New York State Court of Claims

New York State Court of Claims

CELLERI v. THE STATE OF NEW YORK, #2005-010-033, Claim No. 108583


Synopsis


Claim seeking damages for injuries sustained was dismissed as inmate claimant failed to establish that defendant had either actual or constructive notice of a foreseeable dangerous condition and that the State failed to correct such condition within a reasonable time.

Case Information

UID:
2005-010-033
Claimant(s):
CARLOS CELLERI The Court has, sua sponte, amended the caption to reflect the only proper party defendant.
Claimant short name:
CELLERI
Footnote (claimant name) :

Defendant(s):
THE STATE OF NEW YORK
Footnote (defendant name) :
The Court has, sua sponte, amended the caption to reflect the only proper party defendant.
Third-party claimant(s):

Third-party defendant(s):

Claim number(s):
108583
Motion number(s):

Cross-motion number(s):

Judge:
Terry Jane Ruderman
Claimant's attorney:
CARLOS CELLERIPro Se
Defendant's attorney:
HON. ELIOT SPITZER
Attorney General for the State of New YorkBy: Elyse Angelico, Assistant Attorney General
Third-party defendant's attorney:

Signature date:
June 13, 2005
City:
White Plains
Comments:

Official citation:

Appellate results:

See also (multicaptioned case)


Decision
Claimant seeks damages for injuries that he sustained while he was incarcerated at Sing Sing Correctional Facility (Sing Sing). Claimant testified that on June 24, 2003, he was using the pull-up bar in the B block yard. During the course of his exercise, claimant stepped in a hole and fractured his foot. Claimant acknowledged that he had used the pull-up bar many times and had seen the hole prior to his accident, "but never paid any attention until [he] fell down."[1] According to claimant, the whole yard was damaged.
N. Morris, who has been employed by the New York State Department of Correctional Services (DOCS) since 1968, testified that he has been the Fire and Safety Officer at Sing Sing since 1983. In this position, he is responsible for investigating accidents and reviewing safety reports. He was not aware of any prior accidents in the area at issue nor was he aware of any unusual condition in that area.

Dr. John Perilli has been the Medical Director at Sing Sing since December 1999. He reviewed
claimant's ambulatory health record. Perilli testified that claimant was seen in the facility emergency room at 7:45 p.m. on June 24, 2003 for an injury to his right foot. Two days later, an x-ray revealed a nondisplaced fracture at the base of the right metatarsal. He was placed in a soft case and sent for an orthopedic evaluation on July 2, 2003. The consult confirmed that he had a pseudo-jones type fracture. Claimant was given crutches for two weeks. Care continued with follow-up appointments at Sing Sing and the Coxsaxie Correctional Facility. By October 30, 2003, claimant could resume all regular activities. The last time he was given any medication related to his foot was January 13, 2004.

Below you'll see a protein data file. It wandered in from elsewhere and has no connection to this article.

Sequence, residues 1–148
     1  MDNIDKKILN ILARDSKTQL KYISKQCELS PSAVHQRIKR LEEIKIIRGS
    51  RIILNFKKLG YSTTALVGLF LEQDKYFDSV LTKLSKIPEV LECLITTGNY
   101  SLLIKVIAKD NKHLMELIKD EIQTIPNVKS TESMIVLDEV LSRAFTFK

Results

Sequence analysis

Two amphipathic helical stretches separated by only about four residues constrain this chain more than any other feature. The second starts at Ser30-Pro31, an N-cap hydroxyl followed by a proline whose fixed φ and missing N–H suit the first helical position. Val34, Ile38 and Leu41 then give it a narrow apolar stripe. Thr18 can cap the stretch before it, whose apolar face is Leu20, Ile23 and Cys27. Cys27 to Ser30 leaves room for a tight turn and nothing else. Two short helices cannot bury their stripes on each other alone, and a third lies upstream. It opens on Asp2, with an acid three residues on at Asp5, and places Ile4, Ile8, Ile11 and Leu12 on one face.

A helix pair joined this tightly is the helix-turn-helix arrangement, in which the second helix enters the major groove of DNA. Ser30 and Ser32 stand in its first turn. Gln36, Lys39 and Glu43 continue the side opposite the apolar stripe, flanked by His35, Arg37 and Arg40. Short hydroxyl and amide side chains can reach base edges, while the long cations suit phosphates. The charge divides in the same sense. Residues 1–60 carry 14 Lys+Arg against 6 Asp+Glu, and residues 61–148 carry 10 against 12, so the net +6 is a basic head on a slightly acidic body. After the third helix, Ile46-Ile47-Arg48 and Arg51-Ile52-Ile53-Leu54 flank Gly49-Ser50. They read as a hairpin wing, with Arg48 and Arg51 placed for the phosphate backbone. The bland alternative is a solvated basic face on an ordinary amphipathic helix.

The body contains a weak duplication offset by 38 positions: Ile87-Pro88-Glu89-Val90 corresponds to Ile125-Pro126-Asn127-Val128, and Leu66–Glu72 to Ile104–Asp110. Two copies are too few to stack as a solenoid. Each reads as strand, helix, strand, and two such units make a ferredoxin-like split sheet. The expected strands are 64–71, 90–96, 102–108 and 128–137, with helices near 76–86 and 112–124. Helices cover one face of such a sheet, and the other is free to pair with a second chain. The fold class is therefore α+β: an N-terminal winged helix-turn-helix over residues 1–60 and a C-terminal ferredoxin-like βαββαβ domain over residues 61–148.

It is well established that "[t]he State just as any other party *** is responsible, in the operation and management of its schools, hospitals and other institutions, only for hazards reasonably to be foreseen, only for risks reasonably to be perceived" (
Flaherty v State of New York, 296 NY 342, 346). With respect to the safety of persons on its property, the duty of the State is one of reasonable care under the circumstances (see Miller v State of New York, 62 NY2d 506, 513; Preston v State of New York, 59 NY2d 997, 998; Basso v Miller, 40 NY2d 233, 241).
The State, however, is not an insurer of the safety of its premises and negligence cannot be inferred solely from the happening of an accident (
see Killeen v State of New York, 66 NY2d 850, 851; Condon v State of New York, 193 AD2d 874). In order to prevail on his claim, claimant must show: the existence of a foreseeably dangerous condition; that the State created the condition or had either actual or constructive notice of the condition; that the State failed to remedy the condition within a reasonable time; that such condition was a proximate cause of claimant's accident; and that claimant sustained damages (see Gordon v American Museum of Natural History, 67 NY2d 836; Ligon v Waldbaum, Inc., 234 AD2d 347; Mercer v City of New York, 223 AD2d 688, affd 88 NY2d 955).
In the instant case,
claimant failed to establish that defendant had either actual or constructive notice of a foreseeable dangerous condition and that the State failed to correct such condition within a reasonable time. Thus, claimant has failed to meet his burden of proof. Defendant's motion to dismiss, upon which decision was reserved, is now GRANTED.
LET JUDGMENT BE ENTERED DISMISSING CLAIM NO. 108583.


June 13, 2005
White Plains, New York

HON. TERRY JANE RUDERMAN
Judge of the Court of Claims




[1]All quotations are to the trial notes or audiotapes unless otherwise indicated.